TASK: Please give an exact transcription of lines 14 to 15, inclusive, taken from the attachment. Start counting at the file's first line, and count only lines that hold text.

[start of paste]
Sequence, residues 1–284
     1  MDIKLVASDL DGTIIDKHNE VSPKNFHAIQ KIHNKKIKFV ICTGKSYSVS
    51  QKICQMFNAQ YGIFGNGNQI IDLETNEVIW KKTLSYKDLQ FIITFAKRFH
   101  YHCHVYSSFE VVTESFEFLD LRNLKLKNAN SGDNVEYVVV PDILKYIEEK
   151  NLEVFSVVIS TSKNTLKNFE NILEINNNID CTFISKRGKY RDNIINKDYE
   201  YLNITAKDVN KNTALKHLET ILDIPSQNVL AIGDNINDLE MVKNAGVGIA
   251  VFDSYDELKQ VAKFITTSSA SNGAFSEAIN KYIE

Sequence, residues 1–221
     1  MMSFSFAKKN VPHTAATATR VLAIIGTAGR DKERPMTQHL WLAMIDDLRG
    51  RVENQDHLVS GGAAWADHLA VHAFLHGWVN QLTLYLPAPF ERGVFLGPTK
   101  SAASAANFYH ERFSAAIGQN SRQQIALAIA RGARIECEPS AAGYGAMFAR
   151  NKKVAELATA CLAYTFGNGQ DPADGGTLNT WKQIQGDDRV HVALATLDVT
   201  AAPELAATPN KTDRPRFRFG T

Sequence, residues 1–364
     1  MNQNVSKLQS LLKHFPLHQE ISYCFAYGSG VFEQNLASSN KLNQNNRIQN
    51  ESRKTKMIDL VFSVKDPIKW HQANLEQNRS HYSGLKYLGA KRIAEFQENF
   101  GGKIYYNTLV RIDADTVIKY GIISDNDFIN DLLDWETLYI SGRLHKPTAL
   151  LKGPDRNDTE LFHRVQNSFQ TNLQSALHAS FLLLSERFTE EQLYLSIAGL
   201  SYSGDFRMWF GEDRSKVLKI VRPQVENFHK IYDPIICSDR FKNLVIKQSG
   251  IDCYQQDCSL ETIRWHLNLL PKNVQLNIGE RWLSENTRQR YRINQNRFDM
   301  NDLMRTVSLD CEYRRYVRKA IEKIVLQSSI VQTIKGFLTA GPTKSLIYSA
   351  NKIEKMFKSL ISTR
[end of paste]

Sequence, residues 1–364
     1  MNQNVSKLQS LLKHFPLHQE ISYCFAYGSG VFEQNLASSN KLNQNNRIQN